Defense deals with another injury

CHARLOTTE – Because of a knee injury suffered by linebacker Omar Gaither, the Panthers will feature a different starting defense for the sixth time in as many weeks when they visit the Atlanta Falcons on Sunday.

Gaither is expected to miss two to four weeks after spraining his knee in the first half of Sunday's 30-27 loss to the New Orleans Saints, head coach Ron Rivera said Monday.

Even though the Panthers won't start the same 11 against Atlanta, Rivera said the unit still is slowly moving toward a sense of cohesiveness. It helps in this case that Gaither is expected to be replaced in the starting lineup by Jason Williams, who already has started two games this season.

"Hopefully we'll get the same group out there defensively this week, and hopefully we can grow and work on some things we haven't been able to do yet," Rivera said.

The Panthers lost linebacker Jon Beason for the season in Week 1 with an Achilles injury, then they lost linebacker Thomas Davis for the season in Week 2 with a knee injury. Safety Charles Godfrey missed Week 3 and cornerback Chris Gamble missed Week 4 – both with head injuries.

The Panthers have nine players – including three defensive starters - on injured reserve. Their first six opponents have an average of 3.5 players on injured reserve.

"To the credit of our personnel department, they've given us some players to plug in there, like Jason stepping in there when Omar went down," defensive coordinator Sean McDermott said. "The biggest impact is felt with continuity, that there's not a rapport that's been built from a week-to-week standpoint.

"Being able to play off of one another and play fast, that's the biggest impact."

EVEN HINDSIGHT ISN'T ALWAYS 20-20: If Rivera had the decision to make all over again, he said he wouldn't have called the timeout at the end of the first half Sunday that allowed the Saints to get settled before John Kasay booted a 46-yard field goal.

But even if he hadn't called timeout, the Saints may well have still scored those crucial three points.

"I would hate to have been wrong either way, but unfortunately either way got me," Rivera said. "I'll live with it. Unfortunately the players have to too, and it's not fair to them."

Rivera expressed that sentiment to his players.

"That's the kind of coach he is. He's going to take responsibility when he feels there's something he could have done better," tight end Greg Olsen said. "That's not why we lost. There were a lot of things that a lot of us could have done to have a different outcome."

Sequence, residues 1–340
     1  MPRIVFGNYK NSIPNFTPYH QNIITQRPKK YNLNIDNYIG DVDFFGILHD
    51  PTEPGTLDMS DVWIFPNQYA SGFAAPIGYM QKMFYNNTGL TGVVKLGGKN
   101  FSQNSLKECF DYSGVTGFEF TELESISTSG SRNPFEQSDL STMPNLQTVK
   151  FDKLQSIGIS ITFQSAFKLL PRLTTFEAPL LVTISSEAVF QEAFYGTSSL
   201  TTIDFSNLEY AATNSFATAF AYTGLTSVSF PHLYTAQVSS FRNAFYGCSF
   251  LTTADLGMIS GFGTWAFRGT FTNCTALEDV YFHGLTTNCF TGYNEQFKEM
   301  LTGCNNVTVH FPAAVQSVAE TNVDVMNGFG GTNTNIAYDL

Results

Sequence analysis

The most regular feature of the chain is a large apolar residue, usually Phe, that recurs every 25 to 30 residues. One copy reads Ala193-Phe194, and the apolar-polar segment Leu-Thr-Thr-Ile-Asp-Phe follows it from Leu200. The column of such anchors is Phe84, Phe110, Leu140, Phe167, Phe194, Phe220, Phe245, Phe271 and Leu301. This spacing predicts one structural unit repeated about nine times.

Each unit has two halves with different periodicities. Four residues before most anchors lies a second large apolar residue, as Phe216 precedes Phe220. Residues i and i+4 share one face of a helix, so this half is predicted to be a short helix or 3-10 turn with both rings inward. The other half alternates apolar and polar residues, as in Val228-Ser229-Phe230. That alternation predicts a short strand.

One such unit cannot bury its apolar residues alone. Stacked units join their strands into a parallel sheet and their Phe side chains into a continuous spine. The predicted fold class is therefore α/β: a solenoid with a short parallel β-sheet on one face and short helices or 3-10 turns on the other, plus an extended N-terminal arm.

The Saints used their final timeout of the first half with 18 seconds left, facing a fourth-and-20 from Carolina's 40-yard line. Running back Darren Sproles picked up 12 yards on a pass play but was tackled inbounds with about 12 seconds left.

Both teams rushed their field goal units on, but with two seconds left, the Panthers called timeout. Rivera feared that a couple of players sprinting off the field hadn't yet made it to the sidelines.

"It was close," Rivera said Monday after having a chance to review the play. "I looked at the wide angle, looked at the tight angle, looked at the TV copy, and it's right there."

Television replays showed that the Saints snapped the ball just before the clock went to zero. Kasay didn't seem to be fully in place to address the ball, but he might not have been ready simply because he appeared to be the first player to react to the whistle signaling the Panthers' timeout.

Had the Panthers not called timeout and the snap came in time, the Saints could have gotten a second chance if Kasay had missed the mark – if officials ruled that the Panthers had too many men on the field.

Rivera, if given a second chance as to whether to take the timeout, said he "probably wouldn't have called it and just see what happens."

ROOKIE RETURNS: Rookie wide receiver Kealoha Pilares touched the ball in a regular season game for the first time Sunday, fielding the opening kickoff and returning it 15 yards.

"You always expect to take it to the house with every opportunity you have, but I thought I did a pretty good job out there," said Pilares, who later returned one 21 yards. "I thought I did all right – could have been better."

Rivera feels like the return game can be better as well. Third-year running back Mike Goodson has been the Panthers' principle kick returner for the majority of his pro career, but Rivera gave safety Jordan Pugh a couple of return opportunities late in Week 5 at Chicago.

Goodson was inactive against New Orleans.

"He was sick the first couple of days, and he didn't have as good a day against the Bears as we would have liked," Rivera said. "I've talked to him and put the challenge to him, so we'll see how things develop."

Goodson, a shifty back who has had difficulty hanging onto the ball at times, is hoping for another shot.
"I'm behind two good guys at running back, so those reps are going to be limited off the top," he said. "Then with the kick return game, we haven't really had a lot of production, so that's more what the challenge is – to get more production out of that unit."

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